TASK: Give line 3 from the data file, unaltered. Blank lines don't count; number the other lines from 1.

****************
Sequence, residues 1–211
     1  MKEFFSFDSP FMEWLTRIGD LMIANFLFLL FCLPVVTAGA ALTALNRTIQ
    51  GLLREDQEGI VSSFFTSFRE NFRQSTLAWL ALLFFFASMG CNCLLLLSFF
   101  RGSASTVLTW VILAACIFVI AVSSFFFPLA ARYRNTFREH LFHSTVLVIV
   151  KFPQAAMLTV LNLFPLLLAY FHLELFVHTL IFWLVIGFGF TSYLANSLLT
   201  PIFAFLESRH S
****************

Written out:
    51  GLLREDQEGI VSSFFTSFRE NFRQSTLAWL ALLFFFASMG CNCLLLLSFF